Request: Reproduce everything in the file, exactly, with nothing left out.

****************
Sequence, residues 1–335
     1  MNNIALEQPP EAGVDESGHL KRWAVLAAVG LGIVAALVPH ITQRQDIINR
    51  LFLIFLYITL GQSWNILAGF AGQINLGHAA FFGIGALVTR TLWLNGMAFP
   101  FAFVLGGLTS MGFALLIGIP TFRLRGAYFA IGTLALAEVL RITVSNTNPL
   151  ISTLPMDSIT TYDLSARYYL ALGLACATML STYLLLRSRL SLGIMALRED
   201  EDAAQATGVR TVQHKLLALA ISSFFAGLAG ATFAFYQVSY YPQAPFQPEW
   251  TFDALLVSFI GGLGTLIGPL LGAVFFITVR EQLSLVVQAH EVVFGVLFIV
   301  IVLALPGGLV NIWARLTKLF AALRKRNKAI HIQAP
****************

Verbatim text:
Sequence, residues 1–335
     1  MNNIALEQPP EAGVDESGHL KRWAVLAAVG LGIVAALVPH ITQRQDIINR
    51  LFLIFLYITL GQSWNILAGF AGQINLGHAA FFGIGALVTR TLWLNGMAFP
   101  FAFVLGGLTS MGFALLIGIP TFRLRGAYFA IGTLALAEVL RITVSNTNPL
   151  ISTLPMDSIT TYDLSARYYL ALGLACATML STYLLLRSRL SLGIMALRED
   201  EDAAQATGVR TVQHKLLALA ISSFFAGLAG ATFAFYQVSY YPQAPFQPEW
   251  TFDALLVSFI GGLGTLIGPL LGAVFFITVR EQLSLVVQAH EVVFGVLFIV
   301  IVLALPGGLV NIWARLTKLF AALRKRNKAI HIQAP